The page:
Sister of Our Lady of Mercy on the ‘Simple’ and Vital Message of Divine Mercy Sunday

A sister from St. Faustina’s order discusses the message of Divine Mercy and her community’s work in Washington.

Sister Inga Kvassayova
Sister Inga Kvassayova (photo: Courtesy of the Sisters of Our Lady of Mercy / Courtesy of the Sisters of Our Lady of Mercy)

Sisters from St. Faustina Kowalska’s order, the Congregation of the Sisters of Our Lady of Mercy based in Krakow, Poland, came to the nation’s capital six years ago to spread the message of Divine Mercy given to her by Christ. Sister Inga Kvassayova, a Slovakian sister with the order, located at the St. John Paul II National Shrine run by the Knights of Columbus, spoke with the Register ahead of Divine Mercy Sunday about why the message of Divine Mercy is so important — and why it is a message particularly for our times.

Tell me about your own vocation story.

I’m originally from Slovakia. Slovakia was communist after the Second World War until 1989. During communism, it was hard to attend church. You were persecuted; you were denied education or a job if you confess that you go to church, that you believe. Many people decided not to or just in secret. In my family, we were not raised in the faith. I was even not baptized, but God has his ways. 

I had my conversion when I was 18. I was baptized; and soon after that I, realized that everything that the world says about God and about the Church is actually a lie. 

I realized that I have found something so beautiful, something that I was looking for my whole life, even not knowing: the approach of forgiveness and love that Jesus teaches us in the Gospels. I just went after it wholeheartedly; and soon after, I just realized that I cannot do anything else in my life, only to belong to this God of mercy and to try to convey this to everybody, to be a witness for others.

When I was discerning my vocation, my aunt from Hungary sent me the diary of St. Faustina out of the blue. Even if I didn’t have any great contact with her, somehow it happened; she sent it to me, and when I read it, it was just mind-blowing for me. I went to visit the sisters in Krakow. I wanted to find out, and I knew: “This is my place.”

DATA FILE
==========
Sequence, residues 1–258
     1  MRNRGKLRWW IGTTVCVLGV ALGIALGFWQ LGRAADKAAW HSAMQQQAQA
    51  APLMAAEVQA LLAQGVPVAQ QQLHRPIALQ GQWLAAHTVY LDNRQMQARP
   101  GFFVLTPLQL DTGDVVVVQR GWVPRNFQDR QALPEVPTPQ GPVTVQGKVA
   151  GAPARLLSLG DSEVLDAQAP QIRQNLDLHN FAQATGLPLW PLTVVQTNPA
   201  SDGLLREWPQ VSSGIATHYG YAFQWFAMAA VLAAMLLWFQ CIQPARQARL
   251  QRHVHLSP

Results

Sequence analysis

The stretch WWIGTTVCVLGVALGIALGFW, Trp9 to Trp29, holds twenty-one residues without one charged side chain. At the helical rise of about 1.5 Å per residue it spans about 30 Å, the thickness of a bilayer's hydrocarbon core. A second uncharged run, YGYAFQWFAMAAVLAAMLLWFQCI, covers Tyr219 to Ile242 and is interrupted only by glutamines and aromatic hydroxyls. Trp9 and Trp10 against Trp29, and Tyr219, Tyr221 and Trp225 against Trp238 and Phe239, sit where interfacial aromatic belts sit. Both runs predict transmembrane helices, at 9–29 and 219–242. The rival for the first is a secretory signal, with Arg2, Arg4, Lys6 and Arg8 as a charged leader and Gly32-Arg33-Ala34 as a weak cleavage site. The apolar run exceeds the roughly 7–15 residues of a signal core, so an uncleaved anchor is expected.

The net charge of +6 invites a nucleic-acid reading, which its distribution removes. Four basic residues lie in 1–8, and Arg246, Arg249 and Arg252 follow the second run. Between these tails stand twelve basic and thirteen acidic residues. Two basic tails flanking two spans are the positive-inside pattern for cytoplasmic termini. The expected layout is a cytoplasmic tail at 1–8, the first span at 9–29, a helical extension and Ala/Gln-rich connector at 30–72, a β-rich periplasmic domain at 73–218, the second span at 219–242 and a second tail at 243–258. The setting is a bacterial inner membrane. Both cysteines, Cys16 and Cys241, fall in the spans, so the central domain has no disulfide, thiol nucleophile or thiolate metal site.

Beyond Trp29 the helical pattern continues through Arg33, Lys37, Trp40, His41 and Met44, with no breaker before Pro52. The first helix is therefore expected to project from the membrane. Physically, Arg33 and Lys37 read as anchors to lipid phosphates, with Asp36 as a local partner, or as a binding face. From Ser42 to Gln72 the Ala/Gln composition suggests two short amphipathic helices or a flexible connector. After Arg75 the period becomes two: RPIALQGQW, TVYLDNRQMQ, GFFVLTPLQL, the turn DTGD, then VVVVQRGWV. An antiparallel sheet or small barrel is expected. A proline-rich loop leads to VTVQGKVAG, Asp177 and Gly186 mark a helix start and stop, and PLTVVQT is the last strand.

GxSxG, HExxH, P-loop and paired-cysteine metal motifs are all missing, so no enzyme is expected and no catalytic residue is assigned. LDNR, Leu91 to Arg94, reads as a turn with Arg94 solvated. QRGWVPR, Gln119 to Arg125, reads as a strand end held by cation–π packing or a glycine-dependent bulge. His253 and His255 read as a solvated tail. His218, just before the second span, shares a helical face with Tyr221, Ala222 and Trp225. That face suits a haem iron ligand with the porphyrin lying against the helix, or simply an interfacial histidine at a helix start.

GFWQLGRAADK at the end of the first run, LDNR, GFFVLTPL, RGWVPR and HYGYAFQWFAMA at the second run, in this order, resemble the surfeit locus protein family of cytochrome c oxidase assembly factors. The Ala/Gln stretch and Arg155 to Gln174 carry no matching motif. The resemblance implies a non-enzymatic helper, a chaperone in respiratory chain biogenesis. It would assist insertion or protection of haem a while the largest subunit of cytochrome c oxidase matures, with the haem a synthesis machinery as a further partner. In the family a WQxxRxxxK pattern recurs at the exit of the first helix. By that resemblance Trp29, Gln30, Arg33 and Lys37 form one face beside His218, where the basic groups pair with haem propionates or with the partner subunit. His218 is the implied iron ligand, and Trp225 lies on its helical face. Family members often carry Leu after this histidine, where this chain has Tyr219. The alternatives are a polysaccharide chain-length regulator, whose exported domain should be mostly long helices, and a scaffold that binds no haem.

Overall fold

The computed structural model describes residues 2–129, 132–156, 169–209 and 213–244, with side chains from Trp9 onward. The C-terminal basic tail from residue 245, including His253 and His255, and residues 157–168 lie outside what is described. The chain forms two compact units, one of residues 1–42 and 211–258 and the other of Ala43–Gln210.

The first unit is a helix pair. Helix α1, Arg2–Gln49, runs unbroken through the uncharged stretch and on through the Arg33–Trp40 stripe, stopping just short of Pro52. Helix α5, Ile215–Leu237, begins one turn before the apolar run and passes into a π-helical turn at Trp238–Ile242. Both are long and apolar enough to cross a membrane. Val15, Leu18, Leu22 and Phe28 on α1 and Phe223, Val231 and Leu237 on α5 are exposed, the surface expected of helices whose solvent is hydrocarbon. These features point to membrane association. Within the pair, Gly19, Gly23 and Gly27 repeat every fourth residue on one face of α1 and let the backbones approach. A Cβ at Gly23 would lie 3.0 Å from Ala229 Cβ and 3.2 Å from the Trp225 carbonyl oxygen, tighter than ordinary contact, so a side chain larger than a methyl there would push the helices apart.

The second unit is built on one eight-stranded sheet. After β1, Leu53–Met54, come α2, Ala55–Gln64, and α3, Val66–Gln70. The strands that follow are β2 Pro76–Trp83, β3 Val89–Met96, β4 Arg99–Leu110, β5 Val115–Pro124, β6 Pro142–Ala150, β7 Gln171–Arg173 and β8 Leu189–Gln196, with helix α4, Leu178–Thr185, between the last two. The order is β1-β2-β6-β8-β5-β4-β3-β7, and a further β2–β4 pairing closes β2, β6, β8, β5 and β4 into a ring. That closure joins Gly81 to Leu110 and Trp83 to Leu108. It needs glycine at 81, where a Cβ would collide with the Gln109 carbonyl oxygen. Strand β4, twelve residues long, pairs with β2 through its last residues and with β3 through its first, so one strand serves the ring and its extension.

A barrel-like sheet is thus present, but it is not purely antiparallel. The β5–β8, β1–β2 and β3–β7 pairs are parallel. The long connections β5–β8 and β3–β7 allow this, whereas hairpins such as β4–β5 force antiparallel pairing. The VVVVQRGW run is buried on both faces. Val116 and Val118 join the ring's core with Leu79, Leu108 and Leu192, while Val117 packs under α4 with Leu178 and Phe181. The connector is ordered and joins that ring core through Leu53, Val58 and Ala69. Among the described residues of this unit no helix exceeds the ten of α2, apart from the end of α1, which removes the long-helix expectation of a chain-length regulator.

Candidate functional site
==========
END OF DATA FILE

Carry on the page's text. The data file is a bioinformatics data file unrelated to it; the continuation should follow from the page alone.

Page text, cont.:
Please tell me about the sisters’ work at the John Paul II Shrine in Washington, D.C.

The sisters were invited by the Knights of Columbus to cooperate with them at the John Paul II National Shrine because, back then, Supreme Knight Carl Anderson had this intuition that the central part of St. John Paul II’s spirituality is actually Divine Mercy. 

When he beatified and canonized St. Faustina and then established Divine Mercy for the whole world, Pope John Paul II actually said that this was the “happiest day” of his life when he established Divine Mercy Sunday. He even called St. Faustina a “gift of God to our time.” He saw that this is very important, that this message will prepare the world for the second coming of Our Lord. 

At the shrine, we have Divine Mercy ministry. Every day, we lead the “hour of mercy” at 3pm. It’s transmitted online, as well, so people can join through YouTube. This is one of the Divine Mercy devotions given to us by the Lord Jesus. This is the moment of his death on the cross, where he asked us to be with him for at least a couple of minutes, to be with him as he’s dying on the cross, and then we usually pray the Chaplet of Divine Mercy.  

The sisters call the faithful to adoration and prayer at 3pm.
The sisters call the faithful to adoration and prayer at 3pm.(Photo: Courtesy of the Sisters of Our Lady of Mercy)

We have a monthly event for young adults, which we call “Evenings With Merciful Jesus.” It’s always the 22nd day of the month. It’s connected with the revelation of the image of Divine Mercy. It happened Feb. 22, so we took this date, the 22nd, as symbolic.  

We have this ministry of presence at the shrine, so whoever comes can see us, can speak to us. Of course, when groups are coming, from schools or from parishes, we are available to give the Divine Mercy talk. We also travel a lot. We receive invitations from parishes to come and organize for them a Divine Mercy retreat. 


What should people know about the message of Divine Mercy?

The answer is very, very simple. The Divine Mercy message, if I was to put it in one sentence, would be: The Lord Jesus says, “I am love and mercy itself; you can trust me.”

This is the main message. Nothing complicated, nothing difficult, and nothing new, because, really, this message is already present in the Bible. First John says, “God is love”; and the thing is that, so many times, we forget about God’s goodness and mercy. It’s important enough for him to come down to this earth to communicate it to us.  

You can see these traits of mercy of God even in the Old Testament, how he deals with his child Israel, or even bride Israel — how he deals with it when they abandon him, when they go after another God or how Jesus deals in the New Testament with sinners. It’s marvelous: They were not afraid of him. I’m always blown away by this when I read it in the Gospels: that tax collectors, prostitutes, sinners were hanging on his word, following him. They were not afraid because they experienced mercy from him, goodness. Of course, sin is not okay, but he knows how weak we are, and he wants to help us. He does it through goodness, through mercy, through encouragement.  

He comes to St. Faustina to convey this message — which we already know from the Bible, because we forget about that — and he says that Divine Mercy, recourse to his mercy, is our last chance, because then, at the end, he will come as Just Judge; but before that, he wants us to receive him as merciful Savior.